Covid Creations Part 5
Start-up co-owner Tom Harding on keeping going in the travel industry throughout 2020
Blimey. Imagine owning a travel start-up that was just six months old when the UK locked down, last spring. My latest interviewee, Tom Harding co-founder of Nemo Travel, established in September 2019, knows exactly what that’s like and thank goodness he and the other half of the Nemo duo, James Wales, have so much energy and enthusiasm. From speaking to Tom, it is clear that their positivity has got them through this mighty challenging time.
Rewinding a few years, it seems that Tom was destined to make a career in travel. Upon leaving university, he flew straight to Kenya and spent the next two years managing a luxury, eco-chic safari village called Saruni Samburu. With the exception of a short spell in the trendy world of street food, Tom has always worked in the travel industry, specifically on the premium, luxury side. In fact, it was whilst working in sales at Black Tomato, a high-end bespoke travel company, that Tom met his now business partner James. As a result, Tom and James are pretty ace at providing top-drawer, personalised experiences for travellers. They specialise in limiting stress with concierge-level customer service, alongside Nemo’s signature friendly, down-to-earth style.
You may be surprised to know that Nemo isn’t targeted at high-net worth individuals. Typical customers of Nemo are 28 to 40 year old professionals, with a sense of adventure and thirst for culture. Hence, the chaps decided to focus primarily on organising long haul trips for their travellers. And with Tom’s first-hand experience of Africa, Safari trips have been natural itineraries for Nemo to offer their clientele. Actually, Tom insists that their clients and customers are referred to as travellers, a nod to Nemo’s laid-back approach to travel planning and complementing the motivations of the audience they attract.
In this for the long haul
As much as long haul travel was their thing, last year’s restrictions put a (temporary) stop to James and Tom’s big trip plans. Luckily, they had already firmly set out their stall with the type of service they were offering. Their hard work had made inroads towards creating a service that bridged the gap between online platforms like booking.com, hotels.com or Mr and Mrs Smith, and walking into a high-street travel agent or Trailfinders. As the Government began to limit travel, Tom and James set out to continue cementing the position that they’d carved in the market, but switched to offering UK breaks instead. By pivoting quickly, they were able to jump on the new, booming staycation trend. Even though they took a hit on margin to secure the new UK-based bookings, it was worth it, as their brand remained forefront and kept Nemo in their travellers’ minds, ready for when the world returns to ‘normal’ again.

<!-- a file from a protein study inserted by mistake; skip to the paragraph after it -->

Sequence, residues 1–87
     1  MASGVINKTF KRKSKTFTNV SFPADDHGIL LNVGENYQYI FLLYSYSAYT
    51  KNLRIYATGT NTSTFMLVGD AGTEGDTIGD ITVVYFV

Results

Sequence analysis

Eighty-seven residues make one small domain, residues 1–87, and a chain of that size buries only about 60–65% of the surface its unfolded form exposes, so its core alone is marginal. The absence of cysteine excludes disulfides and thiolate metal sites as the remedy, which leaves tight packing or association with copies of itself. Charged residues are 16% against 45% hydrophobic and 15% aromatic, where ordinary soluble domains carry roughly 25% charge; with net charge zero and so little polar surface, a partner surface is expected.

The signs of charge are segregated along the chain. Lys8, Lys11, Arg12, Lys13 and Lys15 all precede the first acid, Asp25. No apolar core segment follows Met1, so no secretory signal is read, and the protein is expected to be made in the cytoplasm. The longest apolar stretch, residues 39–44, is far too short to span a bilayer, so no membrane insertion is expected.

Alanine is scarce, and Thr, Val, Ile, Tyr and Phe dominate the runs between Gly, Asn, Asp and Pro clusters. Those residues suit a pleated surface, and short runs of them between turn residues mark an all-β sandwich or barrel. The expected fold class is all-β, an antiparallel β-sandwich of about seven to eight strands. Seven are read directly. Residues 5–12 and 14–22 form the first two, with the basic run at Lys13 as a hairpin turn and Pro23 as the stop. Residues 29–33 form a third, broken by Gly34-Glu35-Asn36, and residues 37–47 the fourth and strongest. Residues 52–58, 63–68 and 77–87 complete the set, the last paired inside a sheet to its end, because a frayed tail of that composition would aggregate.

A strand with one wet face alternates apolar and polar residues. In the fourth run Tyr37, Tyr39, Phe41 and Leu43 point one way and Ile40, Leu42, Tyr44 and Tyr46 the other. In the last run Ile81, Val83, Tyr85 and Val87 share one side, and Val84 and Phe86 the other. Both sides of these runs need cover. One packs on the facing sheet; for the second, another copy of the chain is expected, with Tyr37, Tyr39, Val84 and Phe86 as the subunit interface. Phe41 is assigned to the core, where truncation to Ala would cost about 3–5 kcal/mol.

I’ve said it before, and I will say it again, this flexible strategy is music to a marketer’s ears. Those that have continued to brand-build and remain present with their target audiences during the pandemic, will fare far better in the long-term than those that cut-back their marketing effort and batten down their hatches. This fact has been proven in recent recessions, including the 2008 credit crunch, where brands like Virgin Atlantic continued to make marketing a priority. Although I appreciate that it is easier said than done right now for the extremely hard hit travel industry, Virgin Atlantic’s increased marketing efforts and concentration on brand-building in 2008, led to the launch of their 25th anniversary “Still Red Hot” campaign. This campaign stood the company in good stead for when the outlook became rosier, returning more than £10 of revenue for each £1 spent (according to the Marketing Week article ‘Why brands need to think long-term amid the coronavirus pandemic’).
Brand response to the nation’s panic during the pandemic has been a hotly debated topic amongst marketers. The consensus seems to be that, the ‘a message from our CEO’ emails in our inboxes have become a bit comedic and a lot disingenuous, with each new email feeling more and more ‘bandwagonny’. According to the same Marketing Week article, consumers simply want businesses to be helpful where they can, for example, by offering flexible payment options, prioritising the vulnerable with supermarket deliveries and providing help for those made redundant. When the help offered doesn’t feel authentic, it leaves a bad taste in the customers’ mouths.
On this note, a brilliant move James and Tom made during 2020 was their involvement with the ‘Nights On Us’ venture. This unique idea saw hotels across the UK, donate thousands of rooms to be gifted to front line, ICU workers. Tom, James and the team of three others involved, travel industry chums Simon, Jake and Greg, wanted to find a way that the travel industry could help relieve some of the pressure which hospital staff were feeling, as they worked tirelessly against the virus. The result was thousands of ICU staff getting a much needed two night break away, in some beautiful locations within the UK.